Amazon sticks with office expansion plans in New York and elsewhere
By Karen Weise and Mathew Haag
The pandemic has upended many companies’ expansion plans. Not Amazon’s.
The tech giant said Tuesday that it would hire 3,500 white-collar employees across the country, including 2,000 in New York, following through on plans it had largely put in place before the coronavirus made office towers empty as employees work from home.
The new Amazon jobs will fill a lot of office space that the company acquired before COVID-19 took hold in the United States. In early March, Amazon bought the iconic Lord & Taylor building on Fifth Avenue from the coworking company WeWork, which was retrenching after unsustainable expansion. The New York Post reported at the time that Amazon had paid $1.15 billion for the property. Amazon declined to comment on the deal.
Amazon expects employees to occupy the space in 2023.
The company also plans to expand offices in its hubs in Dallas, Denver, Detroit, Phoenix and San Diego within two years. It signed a lease for roughly 90,000 square feet near Phoenix in the first quarter, according to Lee & Associates, a commercial real estate broker.
Amazon has 35,000 white-collar employees in more than a dozen tech hubs, so the growth announced on Tuesday would be a 10% expansion.
The announcement shows how Amazon, like other large tech companies, has been thriving in the economic chaos of the pandemic. As consumers hunkered down and shopped online, Amazon posted record sales and profits in the most recent quarter. It sold 57% more products than a year earlier, and profit doubled to $5.2 billion.
In recent years, the rapid growth of technology firms, both those from the West Coast and local startups, has transformed a broad swath of Manhattan into a vibrant tech hub. The biggest firms — Apple, Amazon, Facebook and Google — have all expanded their footprints in the city, cementing New York City as a global tech corridor.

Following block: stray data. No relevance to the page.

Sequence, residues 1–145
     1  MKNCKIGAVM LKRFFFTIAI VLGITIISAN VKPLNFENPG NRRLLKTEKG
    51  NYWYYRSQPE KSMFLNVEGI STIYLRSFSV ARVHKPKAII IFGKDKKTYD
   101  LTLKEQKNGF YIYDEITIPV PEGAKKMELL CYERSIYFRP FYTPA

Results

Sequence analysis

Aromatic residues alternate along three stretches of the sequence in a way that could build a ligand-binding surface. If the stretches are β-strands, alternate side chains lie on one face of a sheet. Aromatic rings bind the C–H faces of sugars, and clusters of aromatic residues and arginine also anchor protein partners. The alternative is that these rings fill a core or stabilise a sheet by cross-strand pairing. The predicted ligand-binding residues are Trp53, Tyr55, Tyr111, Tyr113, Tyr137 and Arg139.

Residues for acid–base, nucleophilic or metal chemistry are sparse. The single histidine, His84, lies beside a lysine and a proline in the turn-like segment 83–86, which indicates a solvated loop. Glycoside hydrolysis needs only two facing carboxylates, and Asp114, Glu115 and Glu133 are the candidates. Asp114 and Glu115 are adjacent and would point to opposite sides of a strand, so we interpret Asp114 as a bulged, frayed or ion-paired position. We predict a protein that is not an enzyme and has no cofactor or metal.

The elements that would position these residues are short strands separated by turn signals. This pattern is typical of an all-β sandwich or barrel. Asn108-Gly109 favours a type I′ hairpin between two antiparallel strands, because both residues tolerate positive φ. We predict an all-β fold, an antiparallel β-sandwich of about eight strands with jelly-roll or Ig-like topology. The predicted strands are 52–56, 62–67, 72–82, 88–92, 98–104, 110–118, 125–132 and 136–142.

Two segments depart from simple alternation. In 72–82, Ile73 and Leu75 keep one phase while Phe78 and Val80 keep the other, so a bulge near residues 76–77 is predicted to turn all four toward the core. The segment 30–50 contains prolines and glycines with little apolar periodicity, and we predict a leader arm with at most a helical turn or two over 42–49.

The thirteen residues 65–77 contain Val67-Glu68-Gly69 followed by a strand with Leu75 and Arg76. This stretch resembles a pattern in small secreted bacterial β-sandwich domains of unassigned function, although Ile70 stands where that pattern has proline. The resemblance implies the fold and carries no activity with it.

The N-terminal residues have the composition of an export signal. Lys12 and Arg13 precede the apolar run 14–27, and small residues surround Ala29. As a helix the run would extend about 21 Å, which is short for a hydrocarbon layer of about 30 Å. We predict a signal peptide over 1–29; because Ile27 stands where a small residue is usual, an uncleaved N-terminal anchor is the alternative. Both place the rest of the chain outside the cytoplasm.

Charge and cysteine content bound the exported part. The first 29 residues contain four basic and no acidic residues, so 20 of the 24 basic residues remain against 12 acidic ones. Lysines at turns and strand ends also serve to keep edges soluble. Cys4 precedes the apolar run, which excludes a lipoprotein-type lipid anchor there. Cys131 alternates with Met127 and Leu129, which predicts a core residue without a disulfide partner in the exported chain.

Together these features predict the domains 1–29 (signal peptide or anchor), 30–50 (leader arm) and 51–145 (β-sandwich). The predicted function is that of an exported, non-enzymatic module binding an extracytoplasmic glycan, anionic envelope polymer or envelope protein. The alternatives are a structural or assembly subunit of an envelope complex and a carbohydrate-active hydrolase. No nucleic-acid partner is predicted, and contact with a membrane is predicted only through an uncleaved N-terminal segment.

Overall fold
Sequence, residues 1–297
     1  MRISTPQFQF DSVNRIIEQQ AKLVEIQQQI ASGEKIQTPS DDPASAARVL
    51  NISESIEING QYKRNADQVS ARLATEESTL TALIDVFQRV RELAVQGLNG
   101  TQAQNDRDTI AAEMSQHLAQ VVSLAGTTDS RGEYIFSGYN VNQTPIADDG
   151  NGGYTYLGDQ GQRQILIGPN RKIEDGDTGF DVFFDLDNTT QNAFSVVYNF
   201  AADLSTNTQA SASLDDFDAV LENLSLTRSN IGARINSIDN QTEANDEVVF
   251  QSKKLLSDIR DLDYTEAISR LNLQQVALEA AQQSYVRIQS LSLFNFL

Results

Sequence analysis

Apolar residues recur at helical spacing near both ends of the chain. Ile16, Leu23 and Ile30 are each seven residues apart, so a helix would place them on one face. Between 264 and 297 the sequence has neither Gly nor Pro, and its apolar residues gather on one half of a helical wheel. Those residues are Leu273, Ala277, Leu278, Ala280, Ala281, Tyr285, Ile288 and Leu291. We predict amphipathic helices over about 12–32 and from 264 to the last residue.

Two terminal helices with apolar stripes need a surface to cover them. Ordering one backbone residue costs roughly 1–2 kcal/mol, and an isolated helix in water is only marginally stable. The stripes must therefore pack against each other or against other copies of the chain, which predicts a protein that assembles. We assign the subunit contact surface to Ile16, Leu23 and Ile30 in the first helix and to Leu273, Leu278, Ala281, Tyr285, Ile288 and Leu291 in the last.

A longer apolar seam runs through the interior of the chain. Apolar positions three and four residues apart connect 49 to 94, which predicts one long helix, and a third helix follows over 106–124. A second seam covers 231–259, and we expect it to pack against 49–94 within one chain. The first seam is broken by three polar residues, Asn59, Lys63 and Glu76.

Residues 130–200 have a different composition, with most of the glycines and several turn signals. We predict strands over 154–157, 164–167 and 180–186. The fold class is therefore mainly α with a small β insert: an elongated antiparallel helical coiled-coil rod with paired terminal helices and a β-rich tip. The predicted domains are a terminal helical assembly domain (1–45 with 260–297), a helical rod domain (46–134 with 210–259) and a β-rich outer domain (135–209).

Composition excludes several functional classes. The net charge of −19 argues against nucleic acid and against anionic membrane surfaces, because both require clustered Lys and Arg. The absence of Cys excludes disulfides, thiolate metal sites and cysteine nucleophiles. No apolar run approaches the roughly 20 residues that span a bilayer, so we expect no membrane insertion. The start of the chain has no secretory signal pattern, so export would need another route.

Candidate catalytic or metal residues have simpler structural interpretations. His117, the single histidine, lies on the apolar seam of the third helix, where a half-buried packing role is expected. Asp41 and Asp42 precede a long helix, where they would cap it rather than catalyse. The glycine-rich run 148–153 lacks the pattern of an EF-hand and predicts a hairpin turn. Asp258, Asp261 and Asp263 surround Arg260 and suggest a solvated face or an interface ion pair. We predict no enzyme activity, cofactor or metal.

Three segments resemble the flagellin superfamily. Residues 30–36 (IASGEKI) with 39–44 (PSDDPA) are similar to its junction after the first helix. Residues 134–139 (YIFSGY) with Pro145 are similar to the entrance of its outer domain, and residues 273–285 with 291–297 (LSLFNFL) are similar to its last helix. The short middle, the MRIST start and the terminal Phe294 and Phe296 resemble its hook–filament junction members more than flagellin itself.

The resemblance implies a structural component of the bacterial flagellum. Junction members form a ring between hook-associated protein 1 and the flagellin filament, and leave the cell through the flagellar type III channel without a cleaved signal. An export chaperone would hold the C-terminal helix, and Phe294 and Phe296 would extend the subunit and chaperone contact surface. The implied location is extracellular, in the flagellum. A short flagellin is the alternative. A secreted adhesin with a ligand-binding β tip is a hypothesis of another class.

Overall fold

The companies have largely settled on the Far West Side, stretching along West 34th Street to the Hudson River and down to the Chelsea neighborhood. Collectively, they employ roughly 20,000 people in the city, and Google’s campus there has become its largest outside its headquarters in Mountain View, California.
Just this year, Facebook has hired more than 1,000 people in New York City, bringing its total there to more than 4,000. It has plans to hire thousands more for new offices it has recently leased at the Farley Building near Penn Station and down the street at Hudson Yards, the minicity on the Hudson River that is the country’s largest private development.
Amazon backed out of plans to build a second headquarters in New York last year, after fierce criticism from some lawmakers and residents. When the company made that sudden change, executives said they would take the 25,000 jobs it had planned in Queens and spread them around smaller tech hubs, including thousands of jobs in New York. It is proceeding with plans to build a second headquarters, known as HQ2, in the Washington area, where it expects to employ 25,000 people.
Even after dropping its plans for a large corporate campus in Queens, Amazon has continued to invest in the city, expanding its offices in Manhattan and opening warehouses in the other boroughs.
The company had 876,800 employees at the end of the quarter, most of them at its warehouses. It also has 400,000 drivers delivering packages to customers’ doors, largely working through contractors and as gig workers.
The pandemic has made it hard for real estate developers to find companies to lease office towers that have recently opened, and many commercial tenants are trying to renegotiate leases. Some companies have considered making working from home permanent, and others have backed away from office expansion plans.
Last week, REI Co-op, the outdoor retailer, said it was abandoning plans to occupy the new corporate campus it was building in the Seattle area, saying it will sell the new headquarters and instead distribute its workforce across the region. The company said the change would create more flexibility and have “financial benefits.”